After Roe, New Mexico could see an influx into abortion centers

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The Supreme Court decision reverse Roe vs. Wade and eliminating constitutional abortion rights could have a profound effect on New Mexico.

Clinics here are already overcrowded, especially since Texas banned abortions after about six weeks of pregnancy last yearbut with several neighboring states now poised to completely ban the procedure, more people are likely to travel to New Mexico for abortion care.

“We’re going to have provider appointment shortages, because of the influx we’ll see,” Kristina Tocce, medical director of Planned Parenthood’s Rocky Mountains, said in an interview with KUNM earlier this year.

“Any abortion provider doing right now is working longer and harder to make as much access available as possible.”

Arizona has a law in effect prohibiting abortion, dating from 1864. Its application was blocked by Roe v. Wade, but it could be applied again now. Texas and Oklahoma have already passed laws which can now come into force, almost entirely prohibition of the procedure. Utah also passed a so-called “trigger law”.

New Mexico last year repealed text of the penal code dating from 1969, which prohibits abortion. It was not enforceable after the Roe v. Wade in 1973, but theoretically could have been enforced after Roe was struck down. It is therefore expected that abortion here will remain legal, and if other states restrict the procedure as seems likely, more people will travel to New Mexico.

It will be difficult for the patients. Tocce said people already coming from Texas for abortion care have to disrupt their lives to get there.

“In Albuquerque, I was struck by the huge drive times and the patients who just have to rearrange everything in their lives to fit in – child care, elder care, pet care, their jobs.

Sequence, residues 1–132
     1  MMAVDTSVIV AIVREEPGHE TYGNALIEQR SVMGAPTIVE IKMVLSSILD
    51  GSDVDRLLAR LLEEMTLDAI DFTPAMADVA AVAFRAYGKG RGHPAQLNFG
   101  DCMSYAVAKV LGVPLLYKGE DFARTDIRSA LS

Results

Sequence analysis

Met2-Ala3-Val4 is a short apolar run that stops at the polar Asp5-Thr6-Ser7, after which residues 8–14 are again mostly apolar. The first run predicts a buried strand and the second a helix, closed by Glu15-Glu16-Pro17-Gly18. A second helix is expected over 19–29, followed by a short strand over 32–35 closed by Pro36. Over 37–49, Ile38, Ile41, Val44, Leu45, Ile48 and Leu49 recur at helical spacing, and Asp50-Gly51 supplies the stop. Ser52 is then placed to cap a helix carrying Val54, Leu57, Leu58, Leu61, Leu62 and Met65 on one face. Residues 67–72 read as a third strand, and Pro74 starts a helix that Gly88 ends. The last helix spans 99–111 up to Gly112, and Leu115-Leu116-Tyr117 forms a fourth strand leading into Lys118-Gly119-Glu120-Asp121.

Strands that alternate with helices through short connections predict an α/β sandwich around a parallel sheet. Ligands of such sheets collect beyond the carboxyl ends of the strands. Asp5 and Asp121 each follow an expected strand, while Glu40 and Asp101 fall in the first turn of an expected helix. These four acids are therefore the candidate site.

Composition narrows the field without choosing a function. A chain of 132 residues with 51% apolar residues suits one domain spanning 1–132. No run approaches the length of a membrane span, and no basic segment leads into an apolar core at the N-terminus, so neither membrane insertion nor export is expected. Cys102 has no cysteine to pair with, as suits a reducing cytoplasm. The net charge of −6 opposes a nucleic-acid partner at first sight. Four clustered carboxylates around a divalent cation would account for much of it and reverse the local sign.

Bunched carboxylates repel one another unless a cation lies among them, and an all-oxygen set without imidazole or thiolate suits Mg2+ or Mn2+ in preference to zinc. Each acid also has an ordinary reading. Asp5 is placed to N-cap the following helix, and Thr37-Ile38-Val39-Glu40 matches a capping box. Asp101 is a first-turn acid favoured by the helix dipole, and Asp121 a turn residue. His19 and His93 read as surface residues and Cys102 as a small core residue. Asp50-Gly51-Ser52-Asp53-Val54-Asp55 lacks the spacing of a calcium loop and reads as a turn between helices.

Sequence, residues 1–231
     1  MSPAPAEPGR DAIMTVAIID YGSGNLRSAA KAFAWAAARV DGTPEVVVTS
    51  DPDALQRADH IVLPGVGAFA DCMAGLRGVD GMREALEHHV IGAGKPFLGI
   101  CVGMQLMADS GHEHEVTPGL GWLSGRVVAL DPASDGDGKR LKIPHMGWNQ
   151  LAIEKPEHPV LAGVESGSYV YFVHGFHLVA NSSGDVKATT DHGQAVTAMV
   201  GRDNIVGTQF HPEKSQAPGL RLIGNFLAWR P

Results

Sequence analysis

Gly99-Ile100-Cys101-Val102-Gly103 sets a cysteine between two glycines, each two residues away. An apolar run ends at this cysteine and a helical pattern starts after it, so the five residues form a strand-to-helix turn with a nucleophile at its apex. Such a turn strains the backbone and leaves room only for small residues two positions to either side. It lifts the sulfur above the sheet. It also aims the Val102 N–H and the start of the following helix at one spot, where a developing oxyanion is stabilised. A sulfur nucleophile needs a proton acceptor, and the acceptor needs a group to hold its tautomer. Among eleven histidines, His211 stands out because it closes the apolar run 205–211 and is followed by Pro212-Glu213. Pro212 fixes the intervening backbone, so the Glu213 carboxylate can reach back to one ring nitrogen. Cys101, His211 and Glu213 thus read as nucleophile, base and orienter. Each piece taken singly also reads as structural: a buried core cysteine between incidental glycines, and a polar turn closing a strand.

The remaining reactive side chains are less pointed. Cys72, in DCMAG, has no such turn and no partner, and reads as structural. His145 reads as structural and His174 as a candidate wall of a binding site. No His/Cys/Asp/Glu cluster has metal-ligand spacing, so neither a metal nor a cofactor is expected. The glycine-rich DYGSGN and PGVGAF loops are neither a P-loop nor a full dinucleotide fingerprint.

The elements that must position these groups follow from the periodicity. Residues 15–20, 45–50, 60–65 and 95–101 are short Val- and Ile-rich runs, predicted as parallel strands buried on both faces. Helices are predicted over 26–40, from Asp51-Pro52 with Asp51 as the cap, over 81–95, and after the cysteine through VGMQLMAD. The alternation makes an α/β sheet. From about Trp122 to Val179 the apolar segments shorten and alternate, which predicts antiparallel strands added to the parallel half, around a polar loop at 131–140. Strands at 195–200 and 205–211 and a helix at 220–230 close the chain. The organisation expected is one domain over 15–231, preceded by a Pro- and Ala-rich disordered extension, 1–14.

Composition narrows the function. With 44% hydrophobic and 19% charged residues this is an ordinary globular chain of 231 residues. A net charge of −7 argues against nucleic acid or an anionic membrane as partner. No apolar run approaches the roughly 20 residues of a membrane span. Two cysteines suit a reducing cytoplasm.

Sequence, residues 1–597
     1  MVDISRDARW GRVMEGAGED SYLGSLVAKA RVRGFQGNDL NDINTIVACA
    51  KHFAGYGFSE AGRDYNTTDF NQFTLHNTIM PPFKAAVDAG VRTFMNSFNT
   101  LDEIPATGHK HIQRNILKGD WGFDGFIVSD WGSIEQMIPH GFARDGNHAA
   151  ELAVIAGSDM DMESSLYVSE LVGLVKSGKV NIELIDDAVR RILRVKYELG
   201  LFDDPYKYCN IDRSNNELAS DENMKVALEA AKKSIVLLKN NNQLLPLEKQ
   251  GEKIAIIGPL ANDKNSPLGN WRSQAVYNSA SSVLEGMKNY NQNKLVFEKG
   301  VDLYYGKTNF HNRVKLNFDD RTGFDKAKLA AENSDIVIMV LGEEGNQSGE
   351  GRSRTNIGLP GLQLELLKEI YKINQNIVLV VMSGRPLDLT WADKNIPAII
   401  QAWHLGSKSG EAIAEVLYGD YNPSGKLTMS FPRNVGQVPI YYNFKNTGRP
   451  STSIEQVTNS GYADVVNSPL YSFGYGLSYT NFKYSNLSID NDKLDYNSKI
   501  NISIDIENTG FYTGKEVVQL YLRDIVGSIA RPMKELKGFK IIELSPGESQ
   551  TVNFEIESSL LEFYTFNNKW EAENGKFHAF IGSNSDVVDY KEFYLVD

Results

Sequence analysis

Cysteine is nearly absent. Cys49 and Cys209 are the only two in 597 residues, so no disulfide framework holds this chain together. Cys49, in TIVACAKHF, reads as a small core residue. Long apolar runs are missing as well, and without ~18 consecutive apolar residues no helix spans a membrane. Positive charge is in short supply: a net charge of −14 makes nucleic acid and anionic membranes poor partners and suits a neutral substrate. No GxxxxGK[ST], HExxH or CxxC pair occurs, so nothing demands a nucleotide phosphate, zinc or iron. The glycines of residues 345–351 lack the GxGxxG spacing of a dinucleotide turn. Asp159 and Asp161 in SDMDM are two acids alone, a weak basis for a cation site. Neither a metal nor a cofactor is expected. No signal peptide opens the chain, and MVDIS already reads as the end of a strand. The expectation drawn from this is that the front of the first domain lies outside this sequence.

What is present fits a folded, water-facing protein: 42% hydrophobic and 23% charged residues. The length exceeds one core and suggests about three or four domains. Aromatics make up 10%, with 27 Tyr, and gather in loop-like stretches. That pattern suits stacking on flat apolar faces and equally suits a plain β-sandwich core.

“These are just heartbreaking stories.”

And while the process is difficult for patients arriving in Albuquerque, she says, “there are so many patients who cannot reach us.”

Those patients could also include New Mexicans who are finding it harder to get care in their home country due to the influx. Already, many people are moving around the state for abortion care. This includes many aboriginal women. Indian Health Service hospitals only provide abortion care in very limited circumstances, restricted by the Hyde Amendment of 1976 which prevents federal funds from being used for most abortions.

Additionally, the only options for procedural abortions (as opposed to an abortion where the patient takes pills) are in Albuquerque.

“Despite the favorable political landscape, vast network of providers, and rich culture of support in New Mexico, real access to abortion care outside of Bernalillo County has been difficult to access for years, said a statement from Bold Futures, an organization that works to build reproductive justice in New Mexico by and for women and people of color.

The statement said the new reproductive health landscape would most affect “people who lack financial resources and support, Black, Indigenous, Latina and queer women and people of color.

This coverage was made possible by the WK Kellogg Foundation and KUNM listeners.

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